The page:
Younger people more vulnerable to bird flu

July 3, 2006
A health worker shows a rapid test (Antigen test) to check for bird flu infection, in Jakarta

A study by the World Health Organization indicates younger people are more likely to die from avian flu, The New York Times reported Sunday.

The study, released Friday, analyzed more than 200 cases and found the highest death rate occurred in patients aged 10 to 19. Patients in that age group were 17 percent more likely to die than an older patient, the Times said.

The study drew comparisons to the 1918 Spanish flu epidemic, when the death rate for people 18 to 30 soared while other age groups did not. The WHO study said the strength of a young person's immune system may help the virus take over the body sooner.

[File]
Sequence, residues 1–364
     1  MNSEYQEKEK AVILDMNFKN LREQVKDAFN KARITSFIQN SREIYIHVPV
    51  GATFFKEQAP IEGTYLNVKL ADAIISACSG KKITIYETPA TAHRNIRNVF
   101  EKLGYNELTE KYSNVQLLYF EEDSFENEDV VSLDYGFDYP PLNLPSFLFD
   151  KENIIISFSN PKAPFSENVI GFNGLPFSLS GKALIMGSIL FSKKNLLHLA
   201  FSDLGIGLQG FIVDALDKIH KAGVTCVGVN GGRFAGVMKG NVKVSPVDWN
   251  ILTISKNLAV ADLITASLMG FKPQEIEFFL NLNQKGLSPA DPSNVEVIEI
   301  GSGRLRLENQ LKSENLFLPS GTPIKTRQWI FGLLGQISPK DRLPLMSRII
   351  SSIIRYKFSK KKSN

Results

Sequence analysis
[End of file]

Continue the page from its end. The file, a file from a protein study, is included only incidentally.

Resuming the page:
Ninety percent of the avian flu cases worldwide have been in people under 40.

Indonesia and Vietnam are the two countries hardest hit by the avian flu, which has claimed three times as many lives this year than in previous years, the Times said.

Copyright 2006 by United Press International

Explore further: The number of new flu viruses is increasing, and could lead to a pandemic

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